6. Validation Based on Simulation Experiment
In the test, a one-lane one-way straight 2 km road section was selected. The platoon enters the starting point (the left side of the road in Figure 10) of the road section at a certain set speed, and the leader receives an emergency braking signal after 30 s. Table 2 lists the main platooning parameters.
A vehicular network framework Veins 4.7 was used to test the MSD models in this study. Veins is an open-source framework composed of a network simulator OMNeT++ 4.7.1 and a road traffic simulator SUMO 0.25.0. OMNeT++ is used to simulate the V2V communication network based on the IEEE 802.11p standard, and SUMO is used to simulate the road traffic of vehicles in a platoon. These two simulators interact with each other through a standard traffic control interface (TraCI) by exchanging transmission control protocol messages.
The data rate is set to the data rate of 6 Mbit/s for IEEE 802.11p broadcasting; the transmission power is set to 300 mW. The Two-Ray Interference model propagation model is used. According to the setting of the propagation model, the radio communication range is about 366 m. The broadcast frequency could be changed to adapt to the requirements of an application. In this work, we use the same broadcast frequency for evaluating all the investigated protocols in the defined scenarios. Moreover, the size of beacon is set to 378 bytes, where the entry number of message list is set to 40. The beacon sending period is 1 s, and we focus mainly on the simulation of one-hop neighborhood worst-case refresh update. The simulation setting parameters are shown in Table 3.
A six-vehicle platoon is conducted to study the impact of the communication time delay on MSD models. The number of vehicles is chosen to ensure the efficiency of the simulation. It is worth noting that an excessive number of vehicles can cause data redundancy. In this paper, the platoon uses a predecessor-leader following network topology, in which the transmissions are unidirectional communications. Each vehicle only receives massages from the lead vehicle and the vehicle in the direct front. For the simplification of theory deduction and experimental simulation, we assume that the communication delay is constant, even if it has a random change in the reality.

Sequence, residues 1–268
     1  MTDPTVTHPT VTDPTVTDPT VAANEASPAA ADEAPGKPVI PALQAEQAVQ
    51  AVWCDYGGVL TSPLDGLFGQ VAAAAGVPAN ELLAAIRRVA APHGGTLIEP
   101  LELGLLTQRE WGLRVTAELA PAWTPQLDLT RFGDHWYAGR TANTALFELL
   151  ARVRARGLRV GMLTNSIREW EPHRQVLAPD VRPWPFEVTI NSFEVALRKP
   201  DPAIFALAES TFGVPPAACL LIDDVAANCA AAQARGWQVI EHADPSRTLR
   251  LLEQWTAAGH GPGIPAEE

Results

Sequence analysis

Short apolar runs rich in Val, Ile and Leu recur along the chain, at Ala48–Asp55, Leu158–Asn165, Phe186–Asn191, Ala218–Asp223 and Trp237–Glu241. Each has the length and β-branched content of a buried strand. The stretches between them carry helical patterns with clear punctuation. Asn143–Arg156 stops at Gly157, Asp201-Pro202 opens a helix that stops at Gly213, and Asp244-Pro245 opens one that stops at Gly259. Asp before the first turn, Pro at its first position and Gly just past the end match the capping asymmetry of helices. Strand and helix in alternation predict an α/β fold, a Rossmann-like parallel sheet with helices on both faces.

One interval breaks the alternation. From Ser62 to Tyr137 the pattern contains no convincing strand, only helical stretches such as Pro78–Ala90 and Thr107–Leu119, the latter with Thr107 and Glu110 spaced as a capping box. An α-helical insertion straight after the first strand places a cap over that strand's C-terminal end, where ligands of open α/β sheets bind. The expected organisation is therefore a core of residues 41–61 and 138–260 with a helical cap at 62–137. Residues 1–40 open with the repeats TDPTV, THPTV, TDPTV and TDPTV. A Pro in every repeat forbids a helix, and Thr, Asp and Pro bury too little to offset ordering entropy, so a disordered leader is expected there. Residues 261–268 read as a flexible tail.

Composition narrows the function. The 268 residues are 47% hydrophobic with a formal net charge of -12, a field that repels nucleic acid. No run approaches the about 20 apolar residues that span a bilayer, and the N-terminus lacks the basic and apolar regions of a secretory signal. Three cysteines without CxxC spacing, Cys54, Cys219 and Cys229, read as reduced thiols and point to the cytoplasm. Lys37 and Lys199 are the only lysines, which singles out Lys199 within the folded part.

The main purpose of this simulation is to ensure that the proposed MSD models would let vehicles have enough response time and distance to handle the emergency braking with a practical communication delay. The simulation was performed repetitively at a velocity from 5 to 120 km/h to guarantee the consistency of the results.
Figure 11 shows plots of the vehicle spacing after emergency braking as a function of the MSD of vehicles in the platoon with a communication delay of 305 ms; the area under the red line represents the condition in which a crash will occur. The points in Figure 11 represent the distribution of each simulation result. The five figures, respectively, represent five different gaps between the six vehicles in platoon. It can be seen from the figures that there is no point below the red line, which means that the MSD model was suitable to avoid the crash. On the other hand, the distribution of points becomes more centralized from Figures 11(a)–11(e). This indicates that the time headway is tending to the minimum communication time delay from Figures 11(a)–11(e), which is 5 ms. This result is consistent with the characteristic of the information flow topology; that is, the lead vehicle will transmit the information to all the vehicles in the platoon.
Figures 12 and 13 show plots of the vehicle spacing after braking as a function of the MSD of vehicles in the platoon when traveling at a constant speed and decelerating. From Figures 11–13, it can be seen that, with all communication delays, the vehicles towards the front lead to more results close to the red line. Moreover, the tendency of the results is uniform with different communication time delay. On the other hand, the fact that there are always some points close to the red line indicates that the packet loss affects the MSD. In this study, the vehicle receives the information from the lead vehicle and the vehicle ahead. Once the vehicle i has packet loss from the lead vehicle, it can still receive the information from the vehicle ahead, which has the double insurance, and be able to combine the information of vehicles in front. In this case, the lower position of the vehicle in the platoon has a lower possibility of packet loss.
Figures 14 and 15 show plots of the vehicle velocity and travel distance during the braking process as a function of the simulation time; the Y-axis in Figure 14 is the vehicle velocity and in Figure 15 is the distance that vehicles travel. Different colors of lines show each vehicle in platoon. The value shown in Figures 14 and 15 is the mean value of multiple experiments. It can be seen that the curve of the vehicle distance in the platoon is consistent with the calculation results.